How much MONEY do you really need to be HAPPY?
Don’t stress out. While researching her new book, MoneySmart columnist
Jean Chatzky discovered who’s content and what you can learn from their financial
More than a year ago, when I sat down to decide what my latest book should
cover, I thought I would write about the mounting consumer debt that has so many
Americans in its vise-like grip. Instead, I ended up writing a book about the correlation
between money and happiness. How did that happen? It actually was a confluence of
several things – some of them disturbing and some of them hopeful, as it turns out.
First, there was a March 2001 story out of England: Economists and researchers
Andrew Oswald and Jonathan Gardner at the University of Warwick had spent eight
years studying 9,000 randomly chosen people who had responded to an annual survey by
the British government. From this larger pool, Oswald and Gardner focused on a smaller
group of lottery winners and people who had inherited a large sum within the previous
year. Looking at their responses, the researchers eventually came to their conclusion:
Yes, money can buy happiness. The only hitch: It would take a lot of it – roughly $1.5
million windfall – to turn an unhappy person into a happy one. Because the average
American household income hovers around $42,000 a year, it’s clear that this level of
“happiness” is way out of reach for most everyone.
Next, I looked at the financial landscape: The markets were heading for their
second down year, ripping through the paper profits of people who, before the turn of the
century, had felt wealthy for the first time in their lives. And debt was heading up, up,
up. Credit-card debt in 2001 skyrocketed, topping $8,234 per household – nearly triple
the figure a decade earlier. The average household juggled (and still juggles) an amazing
16 credit cards; pull out your wallets and start counting if you don’t believe the
CardWeb.com research. And to staunch some of this plastic debt, people start draining
equity from their homes with home equity loans to the point that we own less of our
roosts than at any other time on record.
What a mess. I found the English research, coupled with the dismal economy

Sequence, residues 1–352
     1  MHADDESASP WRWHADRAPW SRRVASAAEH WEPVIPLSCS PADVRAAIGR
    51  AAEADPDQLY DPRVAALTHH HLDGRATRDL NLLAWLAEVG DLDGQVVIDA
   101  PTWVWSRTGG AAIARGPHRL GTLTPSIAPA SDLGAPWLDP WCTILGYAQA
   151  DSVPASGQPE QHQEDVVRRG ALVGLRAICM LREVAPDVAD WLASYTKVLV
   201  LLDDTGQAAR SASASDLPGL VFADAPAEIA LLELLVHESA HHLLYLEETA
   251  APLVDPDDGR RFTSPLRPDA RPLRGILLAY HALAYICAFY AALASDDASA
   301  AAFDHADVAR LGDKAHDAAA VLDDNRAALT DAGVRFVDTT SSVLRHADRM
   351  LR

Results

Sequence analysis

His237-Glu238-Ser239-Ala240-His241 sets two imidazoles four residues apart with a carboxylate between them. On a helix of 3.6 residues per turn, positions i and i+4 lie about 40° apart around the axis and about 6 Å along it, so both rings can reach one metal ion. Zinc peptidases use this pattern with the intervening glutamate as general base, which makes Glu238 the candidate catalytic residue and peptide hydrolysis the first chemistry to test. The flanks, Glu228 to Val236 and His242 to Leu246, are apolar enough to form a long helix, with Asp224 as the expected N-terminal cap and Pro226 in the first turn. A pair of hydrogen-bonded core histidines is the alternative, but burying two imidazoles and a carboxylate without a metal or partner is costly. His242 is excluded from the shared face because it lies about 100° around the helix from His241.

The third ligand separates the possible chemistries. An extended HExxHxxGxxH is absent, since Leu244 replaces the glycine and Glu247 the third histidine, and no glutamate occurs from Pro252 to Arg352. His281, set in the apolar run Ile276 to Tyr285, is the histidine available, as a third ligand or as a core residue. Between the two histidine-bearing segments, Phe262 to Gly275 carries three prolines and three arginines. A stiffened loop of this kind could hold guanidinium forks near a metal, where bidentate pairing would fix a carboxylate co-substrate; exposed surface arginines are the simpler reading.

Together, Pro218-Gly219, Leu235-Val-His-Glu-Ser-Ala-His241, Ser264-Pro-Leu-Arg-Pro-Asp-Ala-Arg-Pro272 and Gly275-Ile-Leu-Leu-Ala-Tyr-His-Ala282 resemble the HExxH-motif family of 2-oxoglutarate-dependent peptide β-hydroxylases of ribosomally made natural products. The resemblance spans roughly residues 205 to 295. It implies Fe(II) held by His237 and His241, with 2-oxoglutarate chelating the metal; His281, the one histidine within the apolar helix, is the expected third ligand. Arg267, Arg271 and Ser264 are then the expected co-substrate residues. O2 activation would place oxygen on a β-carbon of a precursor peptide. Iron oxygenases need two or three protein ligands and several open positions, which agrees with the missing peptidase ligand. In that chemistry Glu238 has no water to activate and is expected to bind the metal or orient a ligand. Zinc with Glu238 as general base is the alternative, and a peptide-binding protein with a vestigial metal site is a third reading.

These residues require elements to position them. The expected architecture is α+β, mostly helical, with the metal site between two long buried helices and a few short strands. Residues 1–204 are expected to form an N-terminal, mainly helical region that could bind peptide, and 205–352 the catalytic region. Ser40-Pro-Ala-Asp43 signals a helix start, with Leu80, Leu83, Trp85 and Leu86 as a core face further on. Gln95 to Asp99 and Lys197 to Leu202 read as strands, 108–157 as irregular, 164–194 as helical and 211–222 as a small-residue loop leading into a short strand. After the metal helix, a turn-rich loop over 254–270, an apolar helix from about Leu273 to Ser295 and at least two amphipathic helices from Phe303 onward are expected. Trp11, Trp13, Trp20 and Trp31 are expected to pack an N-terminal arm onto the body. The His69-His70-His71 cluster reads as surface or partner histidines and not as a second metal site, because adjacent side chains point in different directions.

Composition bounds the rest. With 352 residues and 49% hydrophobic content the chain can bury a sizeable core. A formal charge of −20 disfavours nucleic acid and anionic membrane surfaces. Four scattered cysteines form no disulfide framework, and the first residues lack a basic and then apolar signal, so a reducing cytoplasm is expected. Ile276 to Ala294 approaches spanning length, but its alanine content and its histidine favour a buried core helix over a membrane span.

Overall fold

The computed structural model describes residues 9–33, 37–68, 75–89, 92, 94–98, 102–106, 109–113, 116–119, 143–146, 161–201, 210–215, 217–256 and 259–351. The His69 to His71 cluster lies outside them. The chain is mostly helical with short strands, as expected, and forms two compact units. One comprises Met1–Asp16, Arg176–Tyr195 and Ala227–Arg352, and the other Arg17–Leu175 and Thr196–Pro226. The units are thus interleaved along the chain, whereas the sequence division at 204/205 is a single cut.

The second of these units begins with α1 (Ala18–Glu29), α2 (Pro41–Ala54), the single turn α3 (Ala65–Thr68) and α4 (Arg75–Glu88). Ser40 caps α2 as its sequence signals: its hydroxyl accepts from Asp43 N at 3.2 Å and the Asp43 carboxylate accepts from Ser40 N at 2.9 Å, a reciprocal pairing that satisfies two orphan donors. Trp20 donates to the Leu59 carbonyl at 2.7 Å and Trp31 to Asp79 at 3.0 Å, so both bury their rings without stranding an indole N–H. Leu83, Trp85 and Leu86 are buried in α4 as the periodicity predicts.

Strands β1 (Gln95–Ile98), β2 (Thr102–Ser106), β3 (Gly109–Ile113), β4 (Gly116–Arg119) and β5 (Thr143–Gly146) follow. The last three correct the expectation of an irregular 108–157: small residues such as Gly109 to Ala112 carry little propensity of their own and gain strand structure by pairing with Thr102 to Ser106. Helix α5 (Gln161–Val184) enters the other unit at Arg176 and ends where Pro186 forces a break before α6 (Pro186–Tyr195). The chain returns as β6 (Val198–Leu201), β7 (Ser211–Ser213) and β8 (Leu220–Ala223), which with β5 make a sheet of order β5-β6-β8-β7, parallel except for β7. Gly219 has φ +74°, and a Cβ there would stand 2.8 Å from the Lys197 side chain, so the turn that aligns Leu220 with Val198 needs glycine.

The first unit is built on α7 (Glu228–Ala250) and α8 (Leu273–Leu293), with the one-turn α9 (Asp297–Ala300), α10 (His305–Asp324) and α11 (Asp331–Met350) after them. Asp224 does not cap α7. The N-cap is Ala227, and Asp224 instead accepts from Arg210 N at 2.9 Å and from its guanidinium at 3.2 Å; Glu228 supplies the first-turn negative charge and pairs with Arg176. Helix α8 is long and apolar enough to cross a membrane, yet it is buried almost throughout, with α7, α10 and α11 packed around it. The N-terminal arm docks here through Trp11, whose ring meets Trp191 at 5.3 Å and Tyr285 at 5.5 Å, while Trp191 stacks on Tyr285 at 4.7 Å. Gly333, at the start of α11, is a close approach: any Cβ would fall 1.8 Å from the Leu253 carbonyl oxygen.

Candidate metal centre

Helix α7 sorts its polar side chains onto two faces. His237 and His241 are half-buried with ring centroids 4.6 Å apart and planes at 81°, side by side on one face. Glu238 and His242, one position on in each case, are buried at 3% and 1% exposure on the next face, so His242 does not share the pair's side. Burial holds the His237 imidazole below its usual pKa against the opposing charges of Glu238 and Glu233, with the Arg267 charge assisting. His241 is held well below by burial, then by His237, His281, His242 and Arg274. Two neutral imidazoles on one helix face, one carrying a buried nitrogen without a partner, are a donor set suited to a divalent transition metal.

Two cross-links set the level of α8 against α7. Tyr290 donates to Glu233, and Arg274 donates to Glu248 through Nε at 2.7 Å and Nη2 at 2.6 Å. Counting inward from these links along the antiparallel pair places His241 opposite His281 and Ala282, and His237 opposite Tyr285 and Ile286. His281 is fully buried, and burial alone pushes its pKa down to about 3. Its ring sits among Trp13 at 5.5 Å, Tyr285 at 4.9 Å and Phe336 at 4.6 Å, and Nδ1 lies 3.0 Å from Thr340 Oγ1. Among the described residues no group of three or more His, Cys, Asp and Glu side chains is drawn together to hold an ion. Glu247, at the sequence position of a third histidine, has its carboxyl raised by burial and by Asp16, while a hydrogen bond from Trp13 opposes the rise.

scenario, extremely disheartening. Talk about a mixed message: Sure, we now know
what it takes to make you happy. But sorry, you’ll never be able to have it. Clearly,
something was missing. It wasn’t until I started thinking about my own upbringing that I
thought I might know what it was,
I grew up in Wisconsin, the daughter of academics. We lived in a modest house
on a street filled with kids. Thinking back, there were plenty of signs that money wasn’t
plentiful during most of my adolescence. For entertainment, my parents and their friends
had potlucks and bridge nights, alternating houses. We owned two cars – first a Ford
wagon, and then, after it died, an Oldsmobile Delta 88. And when we traveled 900 miles
every year to visit my grandparents in Philadelphia, we got up at 4 in the morning and
Our family of five might not have dined out frequently, held season tickets to the
local sports franchise or theme park, owned one car per licensed driver or vacationed
several times a year – things many middle-class households take for granted – but I
certainly don’t recall any lack of money leading to any unhappiness.
Instead, my parents prioritized to pay for the things they thought were most
important. They alternated paying the bills so neither would get over-stressed. And my
brothers and I were expected to contribute. If we needed something that wasn’t in the
budget, we saved our allowances or baby-sat. When we traveled to Disney World, we
fully expected to bring our own money for mouse ears.
It seemed to me that if something was sabotaging the happiness of Americans, it
wasn’t the lack of money, but the way in which money was being managed. I figured
that if I was able to pinpoint the money-management habits of people who say they are
happy with their financial lives, then I could begin to write a new prescription that, if
adopted, could make a significant difference in the financial happiness – and perhaps
overall happiness – of Americans